By Joseph Musemuci

What a lovely surprise! After leaving campus for one week for Spring Break, we return to be greeted by brand new stair covers in ICC! My sincere and heartfelt thanks to any and all parties responsible for the change.

If you haven’t stopped by to see the gorgeous sight for yourself, take a few moments out of your busy schedule to visit the main stairwell in ICC on the Red Square side. The new stair covers are quite a treat, and I have found that a quick getaway to admire them makes the ideal study break.

From the third floor down to the first floor, new black and grey covers enrobe the stairs. Cosmetically, they provide a definite upgrade from the previous combination of elementary school classroom pastel colors. Structurally, they offer a superior grip, which will hopefully cut down on the number of nasty, embarrassing slips and spills on rainy days. Aurally, they should drastically decrease the dreaded “squeaky factor,” providing a greater buffer than the old rubber on rubber scenario posed by the old covers. All elements considered, a tremendous upgrade worthy of fanfare of a similar magnitude.

The vast strides of progress are easily perceived since the covers leading up from the third floor still remain in the old style. I have no qualms with the decision to only renovate the lower flights, since the higher flights receive such a lower volume of traffic and are therefore in much better condition. But the nearby reminder of the old stair covers serves to heighten my appreciation of their new replacement through a unique form of juxtaposition. I appreciate walking on the new covers even more after refreshing my memory of what we used to have by running up to the fourth floor. You’ll find the difference shockingly noticeable.

Sadly, these new superior flights of stairs serve only to mock their inferior counterparts, the brick stairs that lead down from Red Square in between ICC and Copley. As opposed to the delightful height of 6 3/4 inches of the steps of the indoor stairwell, we are presented with two unappealing alternatives while outside. We choose either the overly dainty 5 3/4 inch steps which appear to be the main walkway or the 17 1/2 inch jumps of the sitting area along the side. Both options serve to heighten the risk of tripping, since neither properly fits an average stride. Regardless of how ugly one may deem the Reiss building, such a structural blunder certainly ranks as far more egregious.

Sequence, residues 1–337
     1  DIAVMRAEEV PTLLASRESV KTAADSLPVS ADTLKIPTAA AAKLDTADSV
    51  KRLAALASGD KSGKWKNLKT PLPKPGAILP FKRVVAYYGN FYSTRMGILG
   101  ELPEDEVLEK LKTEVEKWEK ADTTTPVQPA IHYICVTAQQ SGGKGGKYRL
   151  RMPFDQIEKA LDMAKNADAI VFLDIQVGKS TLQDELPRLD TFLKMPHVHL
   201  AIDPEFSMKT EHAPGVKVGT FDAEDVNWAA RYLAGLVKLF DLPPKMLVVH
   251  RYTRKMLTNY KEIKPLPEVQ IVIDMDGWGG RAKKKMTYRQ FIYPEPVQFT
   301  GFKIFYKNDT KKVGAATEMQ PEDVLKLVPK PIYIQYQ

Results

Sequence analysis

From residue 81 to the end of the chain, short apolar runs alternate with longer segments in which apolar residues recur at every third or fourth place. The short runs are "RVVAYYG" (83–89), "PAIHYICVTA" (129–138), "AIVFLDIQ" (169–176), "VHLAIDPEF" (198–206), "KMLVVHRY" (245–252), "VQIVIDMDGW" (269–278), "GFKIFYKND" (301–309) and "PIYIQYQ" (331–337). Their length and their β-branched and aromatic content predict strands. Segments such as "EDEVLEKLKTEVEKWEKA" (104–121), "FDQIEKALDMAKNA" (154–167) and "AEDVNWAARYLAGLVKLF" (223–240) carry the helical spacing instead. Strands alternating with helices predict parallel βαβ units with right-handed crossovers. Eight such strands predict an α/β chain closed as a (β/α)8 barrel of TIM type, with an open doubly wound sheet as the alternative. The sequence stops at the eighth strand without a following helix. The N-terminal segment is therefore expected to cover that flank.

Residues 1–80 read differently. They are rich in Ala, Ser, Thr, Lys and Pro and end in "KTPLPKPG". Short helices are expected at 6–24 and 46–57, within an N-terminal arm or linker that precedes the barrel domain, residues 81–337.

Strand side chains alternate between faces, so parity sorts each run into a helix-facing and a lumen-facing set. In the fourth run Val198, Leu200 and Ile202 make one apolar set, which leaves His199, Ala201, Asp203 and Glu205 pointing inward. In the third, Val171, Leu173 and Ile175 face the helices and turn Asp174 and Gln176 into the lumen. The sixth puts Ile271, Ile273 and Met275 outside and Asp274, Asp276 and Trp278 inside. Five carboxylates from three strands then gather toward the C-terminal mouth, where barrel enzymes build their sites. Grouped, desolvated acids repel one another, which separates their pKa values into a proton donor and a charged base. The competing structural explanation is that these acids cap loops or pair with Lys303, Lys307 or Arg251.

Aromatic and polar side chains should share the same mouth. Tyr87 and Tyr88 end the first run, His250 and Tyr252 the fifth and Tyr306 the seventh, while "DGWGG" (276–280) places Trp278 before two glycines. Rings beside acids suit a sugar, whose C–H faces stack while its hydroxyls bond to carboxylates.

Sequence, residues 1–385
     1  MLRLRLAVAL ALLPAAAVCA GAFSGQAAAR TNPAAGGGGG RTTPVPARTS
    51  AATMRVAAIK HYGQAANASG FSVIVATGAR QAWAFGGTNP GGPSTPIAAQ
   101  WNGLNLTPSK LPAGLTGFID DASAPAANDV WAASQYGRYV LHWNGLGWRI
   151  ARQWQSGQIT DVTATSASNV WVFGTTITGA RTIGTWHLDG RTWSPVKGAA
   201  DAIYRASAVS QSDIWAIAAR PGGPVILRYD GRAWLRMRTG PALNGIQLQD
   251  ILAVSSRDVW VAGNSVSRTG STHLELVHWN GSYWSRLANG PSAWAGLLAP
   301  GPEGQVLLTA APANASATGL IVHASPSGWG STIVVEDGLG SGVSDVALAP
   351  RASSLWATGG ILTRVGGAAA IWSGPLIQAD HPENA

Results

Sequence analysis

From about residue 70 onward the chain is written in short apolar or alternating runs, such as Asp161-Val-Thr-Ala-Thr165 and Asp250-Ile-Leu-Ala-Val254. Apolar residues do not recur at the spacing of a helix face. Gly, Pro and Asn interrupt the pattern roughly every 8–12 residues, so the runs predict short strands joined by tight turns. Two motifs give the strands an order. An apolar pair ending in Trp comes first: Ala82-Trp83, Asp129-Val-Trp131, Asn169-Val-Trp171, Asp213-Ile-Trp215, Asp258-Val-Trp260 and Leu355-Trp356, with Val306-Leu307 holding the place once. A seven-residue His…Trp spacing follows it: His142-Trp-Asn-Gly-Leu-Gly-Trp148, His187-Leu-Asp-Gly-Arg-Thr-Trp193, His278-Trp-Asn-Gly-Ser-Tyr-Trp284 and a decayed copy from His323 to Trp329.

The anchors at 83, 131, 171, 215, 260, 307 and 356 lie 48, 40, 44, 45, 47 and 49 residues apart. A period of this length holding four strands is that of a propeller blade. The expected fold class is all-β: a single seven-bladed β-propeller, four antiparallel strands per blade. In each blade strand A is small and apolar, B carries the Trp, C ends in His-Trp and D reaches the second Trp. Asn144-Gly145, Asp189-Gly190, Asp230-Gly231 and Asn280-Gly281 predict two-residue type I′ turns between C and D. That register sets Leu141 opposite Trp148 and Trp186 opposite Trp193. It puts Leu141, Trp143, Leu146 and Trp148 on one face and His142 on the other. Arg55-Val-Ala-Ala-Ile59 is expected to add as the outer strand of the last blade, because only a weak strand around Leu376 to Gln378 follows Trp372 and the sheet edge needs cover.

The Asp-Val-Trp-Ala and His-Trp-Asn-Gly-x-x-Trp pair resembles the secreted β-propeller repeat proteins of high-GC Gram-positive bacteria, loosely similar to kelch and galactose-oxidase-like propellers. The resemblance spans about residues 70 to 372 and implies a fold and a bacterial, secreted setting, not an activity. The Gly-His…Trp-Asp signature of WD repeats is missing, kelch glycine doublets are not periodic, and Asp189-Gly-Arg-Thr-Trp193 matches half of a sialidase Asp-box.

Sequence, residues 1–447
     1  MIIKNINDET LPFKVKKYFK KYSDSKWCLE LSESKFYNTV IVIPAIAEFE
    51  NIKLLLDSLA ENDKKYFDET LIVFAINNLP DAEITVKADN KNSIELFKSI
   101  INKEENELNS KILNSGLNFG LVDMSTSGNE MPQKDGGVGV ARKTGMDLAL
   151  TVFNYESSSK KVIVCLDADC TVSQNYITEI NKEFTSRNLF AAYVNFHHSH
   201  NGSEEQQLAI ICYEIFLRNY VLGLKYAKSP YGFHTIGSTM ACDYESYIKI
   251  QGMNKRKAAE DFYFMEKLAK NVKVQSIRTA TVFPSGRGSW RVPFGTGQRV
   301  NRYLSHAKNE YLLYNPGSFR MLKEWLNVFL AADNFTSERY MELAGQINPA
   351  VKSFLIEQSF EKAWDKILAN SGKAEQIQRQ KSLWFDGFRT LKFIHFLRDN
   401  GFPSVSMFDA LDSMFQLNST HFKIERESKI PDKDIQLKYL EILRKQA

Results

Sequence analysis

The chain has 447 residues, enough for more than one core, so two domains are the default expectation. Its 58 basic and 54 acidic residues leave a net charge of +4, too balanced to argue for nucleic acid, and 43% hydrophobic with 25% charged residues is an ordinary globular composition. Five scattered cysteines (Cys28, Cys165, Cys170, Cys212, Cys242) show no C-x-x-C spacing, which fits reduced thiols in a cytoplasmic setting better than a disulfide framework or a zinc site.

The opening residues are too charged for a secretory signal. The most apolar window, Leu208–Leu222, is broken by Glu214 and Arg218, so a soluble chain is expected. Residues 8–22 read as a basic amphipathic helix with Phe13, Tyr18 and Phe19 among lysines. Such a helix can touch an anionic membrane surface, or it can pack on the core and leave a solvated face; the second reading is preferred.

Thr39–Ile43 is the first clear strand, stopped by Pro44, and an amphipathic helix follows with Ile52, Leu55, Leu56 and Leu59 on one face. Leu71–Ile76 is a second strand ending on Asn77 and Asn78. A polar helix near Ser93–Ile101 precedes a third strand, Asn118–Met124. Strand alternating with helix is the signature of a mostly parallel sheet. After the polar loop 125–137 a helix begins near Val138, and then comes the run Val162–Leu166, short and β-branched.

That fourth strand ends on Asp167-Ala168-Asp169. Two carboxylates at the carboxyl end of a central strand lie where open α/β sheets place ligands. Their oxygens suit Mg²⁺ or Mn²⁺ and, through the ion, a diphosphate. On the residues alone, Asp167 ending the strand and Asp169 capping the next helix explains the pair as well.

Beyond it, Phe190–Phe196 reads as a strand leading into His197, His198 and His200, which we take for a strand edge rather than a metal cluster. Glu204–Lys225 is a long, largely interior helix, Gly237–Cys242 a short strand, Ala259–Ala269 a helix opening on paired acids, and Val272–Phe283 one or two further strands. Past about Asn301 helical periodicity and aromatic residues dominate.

But we can still make our stairs a better place. Whether it’s inside, outside of ICC or somewhere else all together, the implementation of proper stairs etiquette would make all of our lives happier.

For instance, we could pay a bit more attention to distinguishing between our right and our left. Generally, traffic patterns in this country suggest that we keep to the right of those walking in the opposite direction. Yet, either through ignorance or a lack of consideration, this norm is broken with disturbing frequency. Personally, I find it helpful to avoid blunders of this nature by looking down at the backs of my hands. If I’m walking on the side of the stairwell closest to the hand where my pointer finger and my thumb make an “L,” then something is wrong.

Decidedly more annoying than walking on the wrong side of the stairs is not walking at all. While I understand that the bond between friends and significant others may be exceptionally strong, I maintain the belief that the stairwells are not the appropriate place for a reunion. We’ve all been the victim of a stairwell traffic jam (inevitably on the way to an exam), and untimely fraternization is the culprit more often than not. Chances are that the excitement felt when seeing someone special on the stairwells will be just as strong when you leave the stairwell and walk out into a hallway where there is more room.

Perhaps if you’re not as big of a fan of stairs as I am, you may not become quite as excited about the new stair covers as I have. But I would find it rather hard to believe that I’m the only one whose face brightens and heart skips a beat in response to this glorious improvement to our campus. Whether it’s a subtle smile or the highlight of your day, I sincerely hope that you’ll join me in expressing the enjoyment and appreciation warranted by our new stair covers in the days and weeks to come.

Joseph Musumeci is a junior in the College.

Have a reaction to this article? Write a letter to the editor.

Comments are closed.